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The Rockies.Life Staff

Alberta Health Services Unveils ‘Give Life Alberta’ Organ Donation Campaign

The AHS’s latest campaign encourages Albertans to register as donors and talk to their families about the process

Last week was National Organ and Tissue Donation Awareness Week (NOTDAW). 

In conjunction with NOTDAW, Alberta Health Services (AHS) launched a new public awareness campaign and a new name for its provincial donation program.

Each year, NOTDAW raises awareness about the critical need for more donors across Canada. It aims to motivate Canadians to talk about organ and tissue donation with their families and loved ones. 

As part of the new public awareness campaign, AHS has taken the old Alberta Organ and Tissue Donation Program and refreshed its name to Give Life Alberta

From our point of view, the new name definitely improves branding!

How Does Organ Donation Work?

Organ donation involves transferring an organ, like a heart or kidney, from one individual to another. 

Similarly, tissue donation includes the transplantation of body tissues, such as bones and skin, from a donor to a recipient.

Don’t worry; the AHS isn’t going to come knocking on your door asking for your left femur, a spare lung or anything of the sort.

Most organ donations happen after a donor dies. When people register to donate, they consent to being an organ and/or tissue donor after they die. 

However, some donations can be made while someone is still alive. 

For example, a donor can donate one of their kidneys, part of their lung, or a piece of their liver, as well as specific other organs and tissue.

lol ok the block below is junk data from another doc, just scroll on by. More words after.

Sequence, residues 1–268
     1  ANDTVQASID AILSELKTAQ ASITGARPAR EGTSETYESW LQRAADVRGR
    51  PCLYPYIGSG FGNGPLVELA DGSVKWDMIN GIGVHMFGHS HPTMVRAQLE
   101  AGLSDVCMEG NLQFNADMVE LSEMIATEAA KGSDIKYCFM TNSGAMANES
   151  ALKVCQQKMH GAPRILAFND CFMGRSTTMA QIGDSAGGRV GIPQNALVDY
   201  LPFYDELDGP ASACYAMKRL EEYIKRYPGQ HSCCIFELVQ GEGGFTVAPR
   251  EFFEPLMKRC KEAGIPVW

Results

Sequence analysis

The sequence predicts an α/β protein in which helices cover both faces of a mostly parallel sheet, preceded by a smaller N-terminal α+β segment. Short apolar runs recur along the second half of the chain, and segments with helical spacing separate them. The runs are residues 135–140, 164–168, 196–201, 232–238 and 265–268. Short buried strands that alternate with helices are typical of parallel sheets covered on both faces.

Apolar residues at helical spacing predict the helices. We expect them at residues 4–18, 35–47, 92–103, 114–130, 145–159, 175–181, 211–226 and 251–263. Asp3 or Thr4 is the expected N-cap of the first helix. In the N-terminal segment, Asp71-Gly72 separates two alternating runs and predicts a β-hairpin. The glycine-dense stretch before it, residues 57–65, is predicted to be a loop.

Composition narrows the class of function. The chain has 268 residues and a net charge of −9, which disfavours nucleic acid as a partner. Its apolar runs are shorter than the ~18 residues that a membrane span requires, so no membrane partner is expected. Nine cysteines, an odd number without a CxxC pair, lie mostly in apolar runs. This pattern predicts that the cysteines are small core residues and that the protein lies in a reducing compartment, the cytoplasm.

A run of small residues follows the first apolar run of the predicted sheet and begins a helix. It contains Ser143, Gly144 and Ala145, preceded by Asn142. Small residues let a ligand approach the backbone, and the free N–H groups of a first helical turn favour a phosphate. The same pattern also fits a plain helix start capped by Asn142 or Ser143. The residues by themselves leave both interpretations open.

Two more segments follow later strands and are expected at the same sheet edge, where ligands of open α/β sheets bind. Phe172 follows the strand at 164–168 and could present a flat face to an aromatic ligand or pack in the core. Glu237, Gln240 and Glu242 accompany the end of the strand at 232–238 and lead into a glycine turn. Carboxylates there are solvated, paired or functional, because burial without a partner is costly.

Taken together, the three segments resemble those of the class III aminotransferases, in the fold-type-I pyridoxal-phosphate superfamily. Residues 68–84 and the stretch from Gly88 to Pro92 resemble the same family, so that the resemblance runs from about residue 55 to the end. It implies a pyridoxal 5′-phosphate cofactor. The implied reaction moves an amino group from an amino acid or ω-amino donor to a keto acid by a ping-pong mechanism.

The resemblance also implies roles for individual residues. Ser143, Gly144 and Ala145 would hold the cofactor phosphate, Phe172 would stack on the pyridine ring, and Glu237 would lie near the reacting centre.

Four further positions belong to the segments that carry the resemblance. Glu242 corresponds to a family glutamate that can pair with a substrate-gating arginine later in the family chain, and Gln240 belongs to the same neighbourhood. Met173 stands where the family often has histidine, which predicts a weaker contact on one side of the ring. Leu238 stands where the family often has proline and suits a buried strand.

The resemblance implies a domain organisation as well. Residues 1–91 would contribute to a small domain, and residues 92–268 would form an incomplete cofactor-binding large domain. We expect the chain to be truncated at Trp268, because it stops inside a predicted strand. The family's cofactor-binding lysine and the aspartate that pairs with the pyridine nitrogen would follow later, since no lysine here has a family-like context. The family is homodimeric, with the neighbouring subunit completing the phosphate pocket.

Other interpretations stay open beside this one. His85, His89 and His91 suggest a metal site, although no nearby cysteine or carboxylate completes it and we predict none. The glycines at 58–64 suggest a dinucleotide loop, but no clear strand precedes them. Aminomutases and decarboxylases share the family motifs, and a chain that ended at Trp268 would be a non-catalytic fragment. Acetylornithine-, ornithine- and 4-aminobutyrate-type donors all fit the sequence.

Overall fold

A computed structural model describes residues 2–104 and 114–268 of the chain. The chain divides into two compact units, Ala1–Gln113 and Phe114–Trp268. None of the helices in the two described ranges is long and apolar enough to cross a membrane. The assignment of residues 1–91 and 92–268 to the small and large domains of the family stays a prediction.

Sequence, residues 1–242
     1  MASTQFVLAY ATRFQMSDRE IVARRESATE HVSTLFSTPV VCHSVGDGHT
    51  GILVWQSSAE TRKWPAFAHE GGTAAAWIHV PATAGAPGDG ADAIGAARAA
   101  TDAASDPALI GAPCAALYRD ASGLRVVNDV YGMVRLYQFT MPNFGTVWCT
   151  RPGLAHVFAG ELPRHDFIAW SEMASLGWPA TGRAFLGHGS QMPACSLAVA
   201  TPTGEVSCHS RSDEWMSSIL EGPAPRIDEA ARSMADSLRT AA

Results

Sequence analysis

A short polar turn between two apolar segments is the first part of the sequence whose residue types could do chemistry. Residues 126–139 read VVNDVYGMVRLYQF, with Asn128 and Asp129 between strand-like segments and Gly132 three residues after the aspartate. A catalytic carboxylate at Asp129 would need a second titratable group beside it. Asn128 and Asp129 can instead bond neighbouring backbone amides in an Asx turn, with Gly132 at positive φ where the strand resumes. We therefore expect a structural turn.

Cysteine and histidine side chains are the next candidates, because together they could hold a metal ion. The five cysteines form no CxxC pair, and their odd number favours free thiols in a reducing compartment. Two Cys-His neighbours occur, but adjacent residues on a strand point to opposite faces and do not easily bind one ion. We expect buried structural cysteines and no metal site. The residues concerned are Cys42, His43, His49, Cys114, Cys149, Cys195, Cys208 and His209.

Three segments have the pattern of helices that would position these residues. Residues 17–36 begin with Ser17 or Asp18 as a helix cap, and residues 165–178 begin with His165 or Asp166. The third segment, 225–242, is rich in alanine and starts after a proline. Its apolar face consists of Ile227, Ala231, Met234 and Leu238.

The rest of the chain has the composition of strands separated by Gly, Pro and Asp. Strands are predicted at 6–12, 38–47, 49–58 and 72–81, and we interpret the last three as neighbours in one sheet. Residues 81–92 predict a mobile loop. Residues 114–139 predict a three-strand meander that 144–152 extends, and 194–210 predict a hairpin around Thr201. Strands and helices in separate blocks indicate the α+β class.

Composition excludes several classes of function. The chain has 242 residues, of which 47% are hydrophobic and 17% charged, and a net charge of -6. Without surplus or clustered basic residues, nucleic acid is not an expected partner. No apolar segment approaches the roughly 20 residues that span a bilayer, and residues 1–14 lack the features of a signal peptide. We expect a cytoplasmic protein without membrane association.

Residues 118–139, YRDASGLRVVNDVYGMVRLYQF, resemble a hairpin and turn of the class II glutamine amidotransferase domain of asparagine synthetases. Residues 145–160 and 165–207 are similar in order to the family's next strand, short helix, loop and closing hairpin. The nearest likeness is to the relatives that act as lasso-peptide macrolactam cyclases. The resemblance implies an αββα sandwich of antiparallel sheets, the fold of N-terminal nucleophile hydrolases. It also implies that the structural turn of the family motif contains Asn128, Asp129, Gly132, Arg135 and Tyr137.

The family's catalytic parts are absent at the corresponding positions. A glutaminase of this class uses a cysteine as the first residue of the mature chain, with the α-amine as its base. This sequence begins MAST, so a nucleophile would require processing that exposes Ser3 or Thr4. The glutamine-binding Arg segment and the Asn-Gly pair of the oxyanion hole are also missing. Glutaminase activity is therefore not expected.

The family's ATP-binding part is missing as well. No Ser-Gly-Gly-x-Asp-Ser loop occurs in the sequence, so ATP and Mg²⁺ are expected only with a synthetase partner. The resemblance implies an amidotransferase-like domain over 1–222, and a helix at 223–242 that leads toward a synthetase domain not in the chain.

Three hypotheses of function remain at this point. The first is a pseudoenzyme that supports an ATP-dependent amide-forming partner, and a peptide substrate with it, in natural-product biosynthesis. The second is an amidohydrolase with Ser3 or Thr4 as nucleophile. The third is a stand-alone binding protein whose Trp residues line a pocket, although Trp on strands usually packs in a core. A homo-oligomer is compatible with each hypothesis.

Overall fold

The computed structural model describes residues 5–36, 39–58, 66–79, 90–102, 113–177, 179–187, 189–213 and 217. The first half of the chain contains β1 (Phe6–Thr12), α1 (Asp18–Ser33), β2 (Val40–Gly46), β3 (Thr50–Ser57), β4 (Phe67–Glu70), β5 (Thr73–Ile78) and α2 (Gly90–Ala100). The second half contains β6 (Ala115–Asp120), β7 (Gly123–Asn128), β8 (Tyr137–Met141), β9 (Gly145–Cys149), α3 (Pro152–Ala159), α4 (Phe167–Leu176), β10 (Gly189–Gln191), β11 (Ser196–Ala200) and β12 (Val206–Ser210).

Kidneys are among the most donated organs because almost 90 percent of people on the organ transplant waiting list need a kidney. 

A infographic showing what organ transplants occurred in Canada in 2018  CIHI_ICIS  X
A infographic showing what organ transplants occurred in Canada in 2018 | CIHI_ICIS | X

Should You Become A Donor?

Whether or not you should become a donor depends on many things. 

If you are worried about eligibility, anyone can be a potential donor regardless of age, medical condition, or sex. 

Even individuals with serious illnesses may be donors. The oldest Canadian organ donor was 92, and the oldest tissue donor was 104. 

One organ donor can save up to eight lives, and a tissue donor can save or improve the lives of up to 75 people

As Albertans, we take pride in helping others; our donation record proves it. 

Last year, there were 273 organ and tissue donors in Alberta, marking a record year for donations. 

That’s potentially more than 22,000 lives saved through organ and tissue donation. 

While our numbers are impressive, our neighbours in British Columbia (BC) take the prize.

Within Canada, BC has the highest number of deceased organ donors out of any province. In 2023, the province saw a record-breaking 563 organ transplants

The AHS All the Ways campaign is a lighthearted series of videos and print ads that show creative ways to let loved ones know you plan to register as an organ and/or tissue donor. 

While spirited, the campaign is meant to normalize discussions about deceased donations. Having a conversation about death is never easy.